Life

1000 Hours

What can you do in 1000 hours? You could: write a novel, knit a giant blanket, draw a portrait, compose some music, torrent a couple of blu-ray movies, learn a new skill. The last one is the reason for this post.

You may have heard the song “Ten Thousand Hours” by Macklemore in which he describes the grind he’s been going through to become a successful rapper. He references the idea originally put forth in author Malcolm Gladwell’s bestselling book “Outliers” (some of you IB folk may remember reading it) For those of you who haven’t read his book (I highly recommend it, great read), Gladwell talks about his “10000 hour rule” which basically says that to become truly great at something requires roughly 10000 hours of practice.

So what am I babbling about with this “1000 hours” nonsense? Well, young one, Gladwell’s 10000 hour rule really applies to only those who are considered “elite”. These are people who are not only good, they are damn good at what they do. These are people like Tom Brady, Viswanathan Anand (World Chess Champion), Yo Yo Ma, Eminem, etc. This is what Mackelmore aspires to be in his song, he wants to be considered “elite.”

English: Macklemore & Ryan Lewis performing at...

Macklemore, yo.  (Photo credit: Wikipedia)

I, however, don’t. While the idea sounds great, the grind involved in trying to become the “best there ever was” (*cue Pokémon theme song*) is not really worth it at this point. If you hold such lofty expectations for yourself, more power to you. I instead came up with a different system. The goal of my system isn’t to become a master at a particular skill, but merely to become proficient. I use “proficiency” in a vague sense here, that is to say that I will ultimately decide whether or not I have become satisfactorily proficient at a skill. Like the title of this post suggests, I reason that 1000 hours is enough to become proficient at something. I neither have the attention span nor the dedication to seriously apply myself to a select skill for 10000 hours so why not become just proficient in a whole bunch of things? I’d like to be able to play an instrument, draw stunningly realistic pictures, develop apps for iOS and Android, etc. Putting 1000 hours into something is still challenging given my self-imposed time frame of a year. It works out to about 2.8 hours a day, but one must realize that 1000 hours is in approximation, just as doing something for 10000 hours isn’t a guarantee of success (as I’ve found out trying to beat God of War on God mode), it is just an approximation. That being said, my goal is to amass a wide variety of skills, have fun while doing so, and perhaps even discover a new hobby/interest that I never knew  I had. For now, I plan on doing this for 10 years. In 10 years I hope to become proficient in 10 skills. More than likely, one or two of these isn’t going to work out but who knows, it’s all about the journey…or something along those lines.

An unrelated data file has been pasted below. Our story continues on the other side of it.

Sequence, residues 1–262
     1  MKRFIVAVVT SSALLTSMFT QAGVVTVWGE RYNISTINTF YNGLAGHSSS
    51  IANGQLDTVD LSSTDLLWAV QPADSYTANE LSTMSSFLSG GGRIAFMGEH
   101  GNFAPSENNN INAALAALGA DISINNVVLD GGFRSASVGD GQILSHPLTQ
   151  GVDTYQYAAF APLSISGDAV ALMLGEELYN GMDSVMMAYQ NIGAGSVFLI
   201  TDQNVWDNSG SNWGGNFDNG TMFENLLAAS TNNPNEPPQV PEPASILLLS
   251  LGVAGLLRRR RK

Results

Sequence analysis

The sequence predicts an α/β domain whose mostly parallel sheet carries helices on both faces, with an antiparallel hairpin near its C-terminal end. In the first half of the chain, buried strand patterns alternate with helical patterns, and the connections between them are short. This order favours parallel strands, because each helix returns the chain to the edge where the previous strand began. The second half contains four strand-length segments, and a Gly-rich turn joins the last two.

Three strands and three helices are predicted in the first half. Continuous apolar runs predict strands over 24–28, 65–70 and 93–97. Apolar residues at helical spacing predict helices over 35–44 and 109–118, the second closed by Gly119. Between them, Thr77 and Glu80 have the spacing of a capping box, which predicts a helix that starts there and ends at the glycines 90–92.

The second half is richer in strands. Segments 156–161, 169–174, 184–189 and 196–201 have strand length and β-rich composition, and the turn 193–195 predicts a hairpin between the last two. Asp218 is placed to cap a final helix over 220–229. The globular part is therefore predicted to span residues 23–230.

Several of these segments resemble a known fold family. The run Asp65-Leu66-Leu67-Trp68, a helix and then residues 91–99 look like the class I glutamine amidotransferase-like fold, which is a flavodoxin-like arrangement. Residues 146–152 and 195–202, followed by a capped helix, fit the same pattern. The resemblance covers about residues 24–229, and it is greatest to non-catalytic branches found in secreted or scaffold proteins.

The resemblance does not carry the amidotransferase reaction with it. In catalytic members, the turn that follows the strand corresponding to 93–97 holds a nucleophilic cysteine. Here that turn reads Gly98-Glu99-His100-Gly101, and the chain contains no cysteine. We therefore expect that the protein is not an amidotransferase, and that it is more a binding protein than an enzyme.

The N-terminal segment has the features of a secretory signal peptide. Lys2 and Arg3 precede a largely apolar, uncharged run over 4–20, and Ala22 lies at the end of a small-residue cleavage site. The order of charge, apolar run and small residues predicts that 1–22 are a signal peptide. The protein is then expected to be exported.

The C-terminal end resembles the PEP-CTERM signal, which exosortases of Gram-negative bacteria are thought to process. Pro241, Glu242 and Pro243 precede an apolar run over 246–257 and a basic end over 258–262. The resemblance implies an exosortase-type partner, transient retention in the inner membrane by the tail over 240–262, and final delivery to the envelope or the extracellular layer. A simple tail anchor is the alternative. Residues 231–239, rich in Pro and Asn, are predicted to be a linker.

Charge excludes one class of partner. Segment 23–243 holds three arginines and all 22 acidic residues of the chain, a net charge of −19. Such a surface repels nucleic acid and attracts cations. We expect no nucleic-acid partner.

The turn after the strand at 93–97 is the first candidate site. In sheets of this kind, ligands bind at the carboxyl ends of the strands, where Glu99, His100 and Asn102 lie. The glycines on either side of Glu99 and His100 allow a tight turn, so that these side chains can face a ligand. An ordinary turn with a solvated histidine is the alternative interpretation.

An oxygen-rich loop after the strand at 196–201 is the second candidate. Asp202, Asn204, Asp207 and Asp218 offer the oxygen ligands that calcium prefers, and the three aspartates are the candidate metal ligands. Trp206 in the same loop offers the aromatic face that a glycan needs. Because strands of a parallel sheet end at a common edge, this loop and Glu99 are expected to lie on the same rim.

Now comes the question: what should be the first skill I attempt to become proficient at? Well that is something that I currently do not know, but I have until January 1st, 2013 to decide! Suggestions or tips would be greatly appreciated. I will try to document my struggles as best I can/want to. If this is something you think want to do, then do it. I don’t care.

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Humor, Life

3 Things I’ve Learned While Working At Smashburger

Before I begin the actual content of this post, I must say, it’s surprisingly nerve-wracking thinking of what to put as the first real post for a blog. It seems like the first blog post is a statement that dictates to people whether or not your blog will be worth reading. Then I realized that I could care less if you don’t want to read my blog just because my first post isn’t up to “par”. Anyways, I digress…